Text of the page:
National Frozen Yogurt Day, which takes place on Monday, February 6th, 2012, follows the Super Bowl. Take it as a sign that it's time to get back on the straight and narrow after a day of indulging in high calorie, fat-laden treats! While it's not a health food, it's not the unhealthiest dessert around. But before you snag your free serving of frozen yogurt, read up on the history of this sweet treat.
It's hard to find a solid source of the history of fro-yo, but based on stories found around the internet, frozen yogurt was born in the 1970s when H.P. Hood introduced Frogurt. Frozen yogurt didn't become popular until the 1980s when manufacturers began adding more sugar, cutting down on the tart taste and creating a much sweeter dessert.
According to How Products are Made, frozen yogurt's flavor comes from Lactobacillus bulgaricus and Streptococcus thermophilous, which are bacteria. They make up 1 percent of the ingredients.
The process of making fro-yo is very similar to that of making ice cream, with the main difference being the addition of the yogurt cultures to the frozen yogurt. Ingredients include milk products, sugar, stabilizers, eggs and additional ingredients for flavor, such as fruit, fruit extracts, cocoa, vanilla, nuts, sugars and spices.
So, which cold dessert is healthier: ice cream of frozen yogurt? WebMD notes that while frozen yogurt can be healthier because it has less fat, it's often laden with more sugar. Frozen yogurt is made with milk while many full fat versions of ice cream are made with cream. However, frozen yogurt's sugar content can be high to lessen the tart taste.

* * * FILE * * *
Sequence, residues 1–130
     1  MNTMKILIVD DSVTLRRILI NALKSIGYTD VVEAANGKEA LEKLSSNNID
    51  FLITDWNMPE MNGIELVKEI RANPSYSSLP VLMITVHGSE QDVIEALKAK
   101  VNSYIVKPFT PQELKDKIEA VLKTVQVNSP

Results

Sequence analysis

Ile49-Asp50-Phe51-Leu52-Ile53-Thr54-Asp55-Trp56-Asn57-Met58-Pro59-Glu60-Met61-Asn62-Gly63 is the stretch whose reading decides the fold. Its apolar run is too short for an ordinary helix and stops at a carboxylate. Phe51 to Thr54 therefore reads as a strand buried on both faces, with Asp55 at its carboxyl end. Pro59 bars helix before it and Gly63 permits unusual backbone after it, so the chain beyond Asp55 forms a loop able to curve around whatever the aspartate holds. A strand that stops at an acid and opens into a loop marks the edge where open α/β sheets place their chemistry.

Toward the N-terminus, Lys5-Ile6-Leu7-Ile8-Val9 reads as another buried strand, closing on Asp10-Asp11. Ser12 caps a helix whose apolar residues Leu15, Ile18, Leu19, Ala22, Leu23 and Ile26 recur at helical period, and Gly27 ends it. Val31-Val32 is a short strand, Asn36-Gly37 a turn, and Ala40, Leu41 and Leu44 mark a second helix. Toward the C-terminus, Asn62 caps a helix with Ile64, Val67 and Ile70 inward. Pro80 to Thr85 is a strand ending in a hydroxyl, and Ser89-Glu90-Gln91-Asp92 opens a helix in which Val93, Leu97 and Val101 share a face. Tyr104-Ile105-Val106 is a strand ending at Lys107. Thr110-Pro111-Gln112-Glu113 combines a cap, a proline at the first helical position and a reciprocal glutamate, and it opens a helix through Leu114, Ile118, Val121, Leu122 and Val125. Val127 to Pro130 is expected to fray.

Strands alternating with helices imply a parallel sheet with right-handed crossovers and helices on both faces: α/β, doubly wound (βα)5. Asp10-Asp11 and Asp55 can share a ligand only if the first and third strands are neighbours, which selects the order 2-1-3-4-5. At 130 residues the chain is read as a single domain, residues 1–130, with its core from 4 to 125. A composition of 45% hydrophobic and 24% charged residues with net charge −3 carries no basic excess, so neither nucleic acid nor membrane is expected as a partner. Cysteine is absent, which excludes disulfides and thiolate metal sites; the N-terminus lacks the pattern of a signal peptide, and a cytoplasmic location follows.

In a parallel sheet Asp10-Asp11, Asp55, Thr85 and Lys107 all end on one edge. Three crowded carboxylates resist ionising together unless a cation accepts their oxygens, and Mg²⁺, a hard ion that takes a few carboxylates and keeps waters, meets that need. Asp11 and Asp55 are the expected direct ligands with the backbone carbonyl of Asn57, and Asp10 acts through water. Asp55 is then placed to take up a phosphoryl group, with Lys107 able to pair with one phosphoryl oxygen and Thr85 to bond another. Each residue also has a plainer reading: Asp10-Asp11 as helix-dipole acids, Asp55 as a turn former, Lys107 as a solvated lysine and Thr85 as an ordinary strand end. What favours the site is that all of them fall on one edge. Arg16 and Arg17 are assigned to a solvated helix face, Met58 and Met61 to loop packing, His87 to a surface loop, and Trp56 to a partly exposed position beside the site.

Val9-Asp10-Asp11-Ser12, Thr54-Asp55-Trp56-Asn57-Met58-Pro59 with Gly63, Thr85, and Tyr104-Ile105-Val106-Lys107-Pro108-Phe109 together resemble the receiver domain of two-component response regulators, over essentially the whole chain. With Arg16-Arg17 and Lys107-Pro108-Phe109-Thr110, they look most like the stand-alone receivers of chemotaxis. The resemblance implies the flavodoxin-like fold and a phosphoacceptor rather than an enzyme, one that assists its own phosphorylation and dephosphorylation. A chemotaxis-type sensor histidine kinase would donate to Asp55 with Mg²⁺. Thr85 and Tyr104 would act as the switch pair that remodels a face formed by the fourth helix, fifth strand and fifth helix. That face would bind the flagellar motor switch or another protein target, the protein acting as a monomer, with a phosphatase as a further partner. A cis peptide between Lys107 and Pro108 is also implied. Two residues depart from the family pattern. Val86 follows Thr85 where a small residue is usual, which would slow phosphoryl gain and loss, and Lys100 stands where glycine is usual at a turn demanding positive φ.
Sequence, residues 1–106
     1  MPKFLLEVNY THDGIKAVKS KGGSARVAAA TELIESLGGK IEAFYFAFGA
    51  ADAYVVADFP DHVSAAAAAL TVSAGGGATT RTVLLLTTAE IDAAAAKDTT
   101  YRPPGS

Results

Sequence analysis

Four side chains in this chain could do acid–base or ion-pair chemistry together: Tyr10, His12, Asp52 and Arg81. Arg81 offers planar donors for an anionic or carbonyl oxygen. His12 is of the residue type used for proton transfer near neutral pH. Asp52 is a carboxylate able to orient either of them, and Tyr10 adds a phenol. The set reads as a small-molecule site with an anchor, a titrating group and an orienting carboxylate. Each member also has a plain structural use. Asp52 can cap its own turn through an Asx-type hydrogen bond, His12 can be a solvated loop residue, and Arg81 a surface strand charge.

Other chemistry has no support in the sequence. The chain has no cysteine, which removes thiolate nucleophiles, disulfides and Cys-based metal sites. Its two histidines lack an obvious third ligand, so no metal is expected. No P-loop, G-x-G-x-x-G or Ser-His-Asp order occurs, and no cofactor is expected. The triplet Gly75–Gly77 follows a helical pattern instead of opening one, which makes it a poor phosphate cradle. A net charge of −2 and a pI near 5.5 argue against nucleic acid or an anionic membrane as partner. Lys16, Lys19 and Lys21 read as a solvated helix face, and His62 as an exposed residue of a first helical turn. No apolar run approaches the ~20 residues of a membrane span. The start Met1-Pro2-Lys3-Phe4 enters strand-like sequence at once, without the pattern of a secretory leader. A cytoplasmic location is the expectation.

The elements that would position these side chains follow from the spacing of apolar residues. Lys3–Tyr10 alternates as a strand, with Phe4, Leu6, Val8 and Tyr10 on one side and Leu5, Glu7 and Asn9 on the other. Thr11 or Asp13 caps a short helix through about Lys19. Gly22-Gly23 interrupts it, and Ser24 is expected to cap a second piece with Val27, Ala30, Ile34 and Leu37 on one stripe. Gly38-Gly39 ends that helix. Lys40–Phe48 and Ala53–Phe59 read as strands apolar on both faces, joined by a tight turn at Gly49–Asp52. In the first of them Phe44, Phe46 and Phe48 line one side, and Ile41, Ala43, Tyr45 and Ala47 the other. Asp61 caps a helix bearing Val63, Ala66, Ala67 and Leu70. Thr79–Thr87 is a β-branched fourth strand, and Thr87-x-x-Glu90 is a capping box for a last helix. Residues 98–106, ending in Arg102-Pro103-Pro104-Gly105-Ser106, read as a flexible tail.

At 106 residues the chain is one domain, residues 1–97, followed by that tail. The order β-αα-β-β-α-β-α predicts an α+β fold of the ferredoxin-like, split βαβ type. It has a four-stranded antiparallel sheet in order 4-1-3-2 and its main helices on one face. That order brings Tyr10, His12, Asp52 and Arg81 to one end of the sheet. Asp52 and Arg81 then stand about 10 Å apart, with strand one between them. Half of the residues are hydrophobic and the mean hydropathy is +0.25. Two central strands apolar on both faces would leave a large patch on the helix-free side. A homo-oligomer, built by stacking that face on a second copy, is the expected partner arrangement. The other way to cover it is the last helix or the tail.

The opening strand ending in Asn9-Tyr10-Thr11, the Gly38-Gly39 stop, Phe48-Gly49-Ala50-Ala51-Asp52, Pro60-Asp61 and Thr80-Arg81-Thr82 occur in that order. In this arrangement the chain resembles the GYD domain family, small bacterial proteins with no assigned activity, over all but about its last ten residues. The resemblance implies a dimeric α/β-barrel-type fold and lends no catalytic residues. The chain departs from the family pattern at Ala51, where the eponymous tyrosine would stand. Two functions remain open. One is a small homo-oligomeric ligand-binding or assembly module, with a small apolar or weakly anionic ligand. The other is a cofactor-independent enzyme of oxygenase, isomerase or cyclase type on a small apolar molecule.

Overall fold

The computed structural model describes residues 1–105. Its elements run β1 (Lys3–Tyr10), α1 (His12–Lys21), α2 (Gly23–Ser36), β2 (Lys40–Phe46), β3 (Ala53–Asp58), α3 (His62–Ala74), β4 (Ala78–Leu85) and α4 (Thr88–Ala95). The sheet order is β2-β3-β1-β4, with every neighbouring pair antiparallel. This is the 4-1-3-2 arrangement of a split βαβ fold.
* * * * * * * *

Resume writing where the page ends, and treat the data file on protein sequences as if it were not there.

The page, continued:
Also, as the popularity of frozen yogurt has increased, so have the shops that offer every topping under the sun for your fro-yo. While you might be tempted to load up your frozen yogurt with cookie bits, marshmallows, candy pieces, chocolate sauce and more, consider topping with fresh fruit and nuts to keep it on the healthier side.
So, now that you know all you've ever wanted to know about frozen yogurt, don't miss the opportunity to "celebrate" the day dedicated to the chilly dessert. National fro-yo chain Yogurtland is offering free five ounce servings of frozen yogurt to all guests on Monday, February 6, 2012. You can visit any of the chain's 160 U.S. locations between 4 p.m. and 7 p.m. for your free frozen yogurt, which will be served up in special edition collector's cups.
Learn how to make frozen yogurt at home without an ice cream maker.
Do you plan to observe National Frozen Yogurt Day with a free fro-yo? What's your favorite flavor?
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